"If I wanted to say what they’ve have done for me, it’s beyond words," said Shirley, who is now a student at Santa Monica College and works part-time at Starbucks. "They’ve helped me financially and emotionally. I don’t have anyone here; they’ve basically been my family."

Originally working with the Iranian American Jewish Association of Southern California (SIAMAK) — one of the oldest Iranian Jewish organizations in the city, which in February merged with the Eretz Cultural Center in Tarzana — the group has taken up the monumental task of providing support to Iranian Jews just barely getting by in Los Angeles. With their primary goal to feed hungry Jews locally, the new Eretz-SIAMAK organization subsidizes food expenses for needy families by giving them $50 to $100 worth of coupons per month — depending on their income — help from other organizations and assistance from people in their households, Yomtoubian said.

Food coupons are used by many struggling families at Glatt Mart and F&Y Kosher Market in West Los Angeles and at Q-Market in Van Nuys, all kosher markets that have entered into contracts with Eretz-SIAMAK to assist those in need. On a daily basis, the organization is bombarded with desperate phone calls for help from locals who have discovered by word of mouth or by the organization’s monthly magazine, Iranian Jewish Chronicle (Chashm Andaaz), of the group’s charitable efforts, said Lili Kahen, a volunteer of nine-years.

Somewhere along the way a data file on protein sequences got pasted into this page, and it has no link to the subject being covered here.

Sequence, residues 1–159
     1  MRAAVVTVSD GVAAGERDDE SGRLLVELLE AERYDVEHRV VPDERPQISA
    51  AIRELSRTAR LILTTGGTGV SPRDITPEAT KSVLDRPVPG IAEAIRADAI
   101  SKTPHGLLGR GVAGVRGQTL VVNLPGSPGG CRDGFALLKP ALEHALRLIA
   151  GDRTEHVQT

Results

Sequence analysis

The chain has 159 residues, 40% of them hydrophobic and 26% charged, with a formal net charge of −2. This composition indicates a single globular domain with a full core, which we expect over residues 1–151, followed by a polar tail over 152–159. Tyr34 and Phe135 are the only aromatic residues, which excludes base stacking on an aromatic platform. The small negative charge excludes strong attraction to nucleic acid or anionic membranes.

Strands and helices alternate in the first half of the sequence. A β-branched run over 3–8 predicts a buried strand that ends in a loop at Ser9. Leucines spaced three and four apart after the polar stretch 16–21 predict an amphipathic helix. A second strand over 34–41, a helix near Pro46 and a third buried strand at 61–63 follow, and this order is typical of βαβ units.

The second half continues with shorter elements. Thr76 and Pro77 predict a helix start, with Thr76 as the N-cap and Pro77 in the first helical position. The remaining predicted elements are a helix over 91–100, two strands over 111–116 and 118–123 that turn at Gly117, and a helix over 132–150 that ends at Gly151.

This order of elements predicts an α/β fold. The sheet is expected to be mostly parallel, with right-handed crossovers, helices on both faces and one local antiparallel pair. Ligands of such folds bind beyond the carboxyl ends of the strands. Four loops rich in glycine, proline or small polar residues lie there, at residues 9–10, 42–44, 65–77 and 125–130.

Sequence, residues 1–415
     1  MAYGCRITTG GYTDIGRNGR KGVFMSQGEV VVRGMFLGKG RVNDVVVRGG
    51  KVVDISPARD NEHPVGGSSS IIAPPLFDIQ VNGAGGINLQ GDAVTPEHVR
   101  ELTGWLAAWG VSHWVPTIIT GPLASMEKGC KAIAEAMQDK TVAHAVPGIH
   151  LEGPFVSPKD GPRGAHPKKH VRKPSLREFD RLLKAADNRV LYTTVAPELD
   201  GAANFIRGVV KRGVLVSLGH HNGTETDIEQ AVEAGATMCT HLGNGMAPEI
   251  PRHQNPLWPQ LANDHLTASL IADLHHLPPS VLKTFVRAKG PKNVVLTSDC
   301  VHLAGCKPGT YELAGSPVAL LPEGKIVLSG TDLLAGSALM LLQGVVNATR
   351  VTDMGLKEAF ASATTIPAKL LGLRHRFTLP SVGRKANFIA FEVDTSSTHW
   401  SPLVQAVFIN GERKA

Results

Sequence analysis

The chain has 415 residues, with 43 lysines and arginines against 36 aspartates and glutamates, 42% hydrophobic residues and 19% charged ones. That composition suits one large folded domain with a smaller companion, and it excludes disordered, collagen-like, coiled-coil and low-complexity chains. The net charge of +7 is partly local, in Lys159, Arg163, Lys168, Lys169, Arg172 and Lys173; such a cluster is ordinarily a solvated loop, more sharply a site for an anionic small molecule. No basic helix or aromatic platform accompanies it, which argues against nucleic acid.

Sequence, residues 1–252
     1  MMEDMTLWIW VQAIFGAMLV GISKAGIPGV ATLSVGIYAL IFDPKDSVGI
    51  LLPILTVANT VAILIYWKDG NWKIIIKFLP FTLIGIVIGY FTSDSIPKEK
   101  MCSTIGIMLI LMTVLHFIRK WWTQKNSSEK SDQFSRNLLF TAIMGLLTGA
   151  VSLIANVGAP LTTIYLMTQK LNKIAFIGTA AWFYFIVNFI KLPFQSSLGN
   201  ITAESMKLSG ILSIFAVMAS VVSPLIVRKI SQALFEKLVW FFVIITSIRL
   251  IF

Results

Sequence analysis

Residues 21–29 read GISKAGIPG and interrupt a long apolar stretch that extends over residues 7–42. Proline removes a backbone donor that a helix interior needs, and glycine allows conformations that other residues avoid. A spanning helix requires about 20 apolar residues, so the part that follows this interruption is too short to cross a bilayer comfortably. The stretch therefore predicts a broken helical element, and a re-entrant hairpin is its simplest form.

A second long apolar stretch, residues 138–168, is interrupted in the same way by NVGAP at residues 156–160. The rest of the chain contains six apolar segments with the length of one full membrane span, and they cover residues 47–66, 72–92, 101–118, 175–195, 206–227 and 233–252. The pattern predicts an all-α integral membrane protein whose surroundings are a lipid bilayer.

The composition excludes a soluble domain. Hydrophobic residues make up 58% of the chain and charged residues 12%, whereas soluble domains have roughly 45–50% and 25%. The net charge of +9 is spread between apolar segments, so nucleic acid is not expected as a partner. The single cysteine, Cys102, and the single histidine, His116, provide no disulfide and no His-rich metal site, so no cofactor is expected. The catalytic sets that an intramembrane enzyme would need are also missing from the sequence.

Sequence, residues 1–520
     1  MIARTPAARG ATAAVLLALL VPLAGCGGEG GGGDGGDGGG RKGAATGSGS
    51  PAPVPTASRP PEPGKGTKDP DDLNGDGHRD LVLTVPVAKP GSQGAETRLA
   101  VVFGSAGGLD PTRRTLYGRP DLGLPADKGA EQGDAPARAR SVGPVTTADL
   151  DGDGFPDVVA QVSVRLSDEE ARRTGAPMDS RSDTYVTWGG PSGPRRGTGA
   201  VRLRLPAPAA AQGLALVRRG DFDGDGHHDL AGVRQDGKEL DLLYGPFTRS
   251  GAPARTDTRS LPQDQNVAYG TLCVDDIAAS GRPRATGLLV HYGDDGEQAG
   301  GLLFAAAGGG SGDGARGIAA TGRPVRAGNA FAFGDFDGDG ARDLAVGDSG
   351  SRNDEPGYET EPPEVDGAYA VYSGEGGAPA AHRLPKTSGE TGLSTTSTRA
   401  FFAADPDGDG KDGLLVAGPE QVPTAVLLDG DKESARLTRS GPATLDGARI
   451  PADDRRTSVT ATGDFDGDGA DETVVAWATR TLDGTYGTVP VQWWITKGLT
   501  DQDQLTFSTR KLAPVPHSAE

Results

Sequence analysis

"People call me at the office here or even at home asking for help because they’ve lost their job and beg us for one more bag of rice or gallon of oil," Kahen said.

Youabian, who often makes personal deliveries to some of the families’ homes, said the organization not only helps local Persian Jews in need but also new Iranian Jewish immigrants struggling to make ends meet in Los Angeles.

"A lot of [Persian Jews] who come here from Iran or Israel have absolutely nothing — no clothes, no furniture — and we give them those basic things they need to get by," Youabian said.

For many recipients, it’s more than just financial support from the organization: it’s the emotional bonds forged.

Elisa P., a 14-year-old resident of the San Fernando Valley, said that Yomtoubian "is so amazing — not only did she help me get a lawyer for my green card and gave me food coupons, but she’s been like a mother figure to me." She said she shares a special relationship with Yomtoubian, who has become a second mother to her after her own mother died in Israel five years ago and her father has been in a coma in an Israeli hospital.

"She really cares about me, let’s me into her life, gives me confidence in myself, and that makes me feel special that there’s someone who cares," said Elisa, who currently lives with her 75-year-old grandfather.

The two women’s charitable work has also motivated younger Jews to volunteer their time locally.